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Freshmen skipping ‘Fun Home’ for moral reasons

For some members of the Class of 2019, the choice of “Fun Home” as a summer reading book was anything but fun.

Several incoming freshmen decided not to read “Fun Home” because its sexual images and themes conflicted with their personal and religious beliefs. Freshman Brian Grasso posted in the Class of 2019 Facebook page July 26 that he would not read the book “because of the graphic visual depictions of sexuality,” igniting conversation among students. The graphic novel, written by Alison Bechdel, chronicles her relationship with her father and her issues with sexual identity.

“I feel as if I would have to compromise my personal Christian moral beliefs to read it,” Grasso wrote in the post.

Many first-year students responded to the post, expressing their thoughts on Grasso’s discomfort with the novel. Some defended the book’s images as having literary value and said that the book could broaden students’ viewpoints.

“Reading the book will allow you to open your mind to a new perspective and examine a way of life and thinking with which you are unfamiliar,” wrote freshman Marivi Howell-Arza.

However, several freshmen agreed with Grasso that the novel’s images conflicted with their beliefs. Freshman Bianca D’Souza said that while the novel discussed important topics, she did not find the sexual interactions appropriate and could not bring herself to view the images depicting nudity.

Freshman Jeffrey Wubbenhorst based his decision not to read the book on its graphic novel format.

“The nature of ‘Fun Home’ means that content that I might have consented to read in print now violates my conscience due to its pornographic nature,” he wrote in an email.

Grasso said that many students privately messaged him thanking him for the post and agreeing with his viewpoint. He explained that he knew the post would be controversial but wanted to make sure students with similar Christian beliefs did not feel alone, adding that he also heard from several students with non-Christian backgrounds who chose not to read the book for moral reasons.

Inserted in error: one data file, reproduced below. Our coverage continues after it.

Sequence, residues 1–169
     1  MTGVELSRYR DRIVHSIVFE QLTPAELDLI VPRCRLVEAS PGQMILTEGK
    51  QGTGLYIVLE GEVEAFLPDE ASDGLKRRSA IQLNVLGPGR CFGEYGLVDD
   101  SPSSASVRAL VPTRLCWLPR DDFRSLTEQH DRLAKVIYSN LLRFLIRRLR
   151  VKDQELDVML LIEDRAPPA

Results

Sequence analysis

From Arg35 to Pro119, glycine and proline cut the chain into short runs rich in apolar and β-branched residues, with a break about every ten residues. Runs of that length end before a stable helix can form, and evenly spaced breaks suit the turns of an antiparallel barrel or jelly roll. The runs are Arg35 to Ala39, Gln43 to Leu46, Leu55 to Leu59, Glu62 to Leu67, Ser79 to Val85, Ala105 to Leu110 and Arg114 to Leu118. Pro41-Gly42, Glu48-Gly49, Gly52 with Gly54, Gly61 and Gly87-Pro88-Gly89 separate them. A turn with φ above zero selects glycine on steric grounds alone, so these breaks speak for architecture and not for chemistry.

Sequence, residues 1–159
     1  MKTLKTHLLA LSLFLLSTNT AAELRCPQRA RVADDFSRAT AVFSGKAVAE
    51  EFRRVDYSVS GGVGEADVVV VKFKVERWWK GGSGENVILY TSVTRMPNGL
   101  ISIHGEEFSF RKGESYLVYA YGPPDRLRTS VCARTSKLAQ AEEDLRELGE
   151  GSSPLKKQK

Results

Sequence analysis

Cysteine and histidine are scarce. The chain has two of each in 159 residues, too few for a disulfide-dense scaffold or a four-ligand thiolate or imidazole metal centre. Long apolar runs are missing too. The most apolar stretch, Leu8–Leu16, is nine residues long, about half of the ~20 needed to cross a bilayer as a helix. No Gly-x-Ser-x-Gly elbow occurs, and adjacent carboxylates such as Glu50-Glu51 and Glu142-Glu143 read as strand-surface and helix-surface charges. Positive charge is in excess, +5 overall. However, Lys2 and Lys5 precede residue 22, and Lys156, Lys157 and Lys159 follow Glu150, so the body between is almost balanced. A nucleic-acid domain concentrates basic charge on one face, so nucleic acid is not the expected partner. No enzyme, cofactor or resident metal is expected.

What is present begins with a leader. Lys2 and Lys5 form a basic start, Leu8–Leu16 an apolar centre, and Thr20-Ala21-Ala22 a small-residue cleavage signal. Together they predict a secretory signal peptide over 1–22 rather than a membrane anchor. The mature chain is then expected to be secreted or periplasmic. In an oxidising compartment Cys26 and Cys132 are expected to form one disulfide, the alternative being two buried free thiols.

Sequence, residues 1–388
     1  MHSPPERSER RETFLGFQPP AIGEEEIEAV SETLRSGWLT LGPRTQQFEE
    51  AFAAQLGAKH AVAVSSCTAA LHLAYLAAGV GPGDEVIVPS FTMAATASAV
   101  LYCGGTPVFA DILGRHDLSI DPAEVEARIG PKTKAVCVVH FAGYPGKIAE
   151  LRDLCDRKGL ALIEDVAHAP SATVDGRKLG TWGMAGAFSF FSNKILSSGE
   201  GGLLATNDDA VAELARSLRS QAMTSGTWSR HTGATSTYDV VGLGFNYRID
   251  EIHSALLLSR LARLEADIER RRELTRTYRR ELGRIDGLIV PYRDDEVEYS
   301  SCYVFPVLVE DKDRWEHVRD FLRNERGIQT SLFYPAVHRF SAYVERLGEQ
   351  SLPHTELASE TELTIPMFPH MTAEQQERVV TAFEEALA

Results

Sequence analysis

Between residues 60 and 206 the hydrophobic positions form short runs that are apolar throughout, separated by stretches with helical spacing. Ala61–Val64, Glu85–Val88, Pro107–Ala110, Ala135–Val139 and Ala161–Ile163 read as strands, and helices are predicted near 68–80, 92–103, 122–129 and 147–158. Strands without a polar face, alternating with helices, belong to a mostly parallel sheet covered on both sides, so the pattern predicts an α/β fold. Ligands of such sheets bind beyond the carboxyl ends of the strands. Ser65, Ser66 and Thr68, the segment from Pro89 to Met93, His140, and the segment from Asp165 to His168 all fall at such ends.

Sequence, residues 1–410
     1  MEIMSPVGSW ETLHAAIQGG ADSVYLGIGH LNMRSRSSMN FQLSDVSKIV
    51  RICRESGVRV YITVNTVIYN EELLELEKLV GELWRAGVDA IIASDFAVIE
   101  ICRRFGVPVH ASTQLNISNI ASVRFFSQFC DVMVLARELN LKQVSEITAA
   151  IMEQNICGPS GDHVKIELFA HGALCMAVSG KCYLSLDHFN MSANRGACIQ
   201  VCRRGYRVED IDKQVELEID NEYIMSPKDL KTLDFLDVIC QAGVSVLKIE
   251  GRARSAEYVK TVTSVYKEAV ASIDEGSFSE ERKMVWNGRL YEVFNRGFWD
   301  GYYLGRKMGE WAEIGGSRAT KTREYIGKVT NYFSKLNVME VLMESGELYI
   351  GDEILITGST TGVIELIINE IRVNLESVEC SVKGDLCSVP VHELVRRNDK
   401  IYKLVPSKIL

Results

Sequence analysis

“There is so much pressure on Duke students, and they want so badly to fit in,” he said. “But at the end of the day, we don’t have to read the book.”

The summer reading book selection committee expected that the novel would be contentious among its readers, said senior Sherry Zhang, a member of the committee and co-chair of the First-Year Advisory Counselor Board. The debate generated by Grasso’s post was “very respectful and considerate,” Zhang said.

Although the book selection has prompted valuable discussions for some first-years, others said it changed their perception of Duke.

“I thought to myself, ‘What kind of school am I going to?’” said freshman Elizabeth Snyder-Mounts.

Grasso noted that he felt the book choice was insensitive to people with more conservative beliefs.

“Duke did not seem to have people like me in mind,” he said. “It was like Duke didn’t know we existed, which surprises me.”

Zhang said that she supports the book choice, which she believes shows that Duke is a place that does not shy away from issues of sexuality. However, she added that the choice of whether or not to read the book ultimately belongs to each individual student.

“I would encourage them to talk about why they chose to read it or not,” she said.


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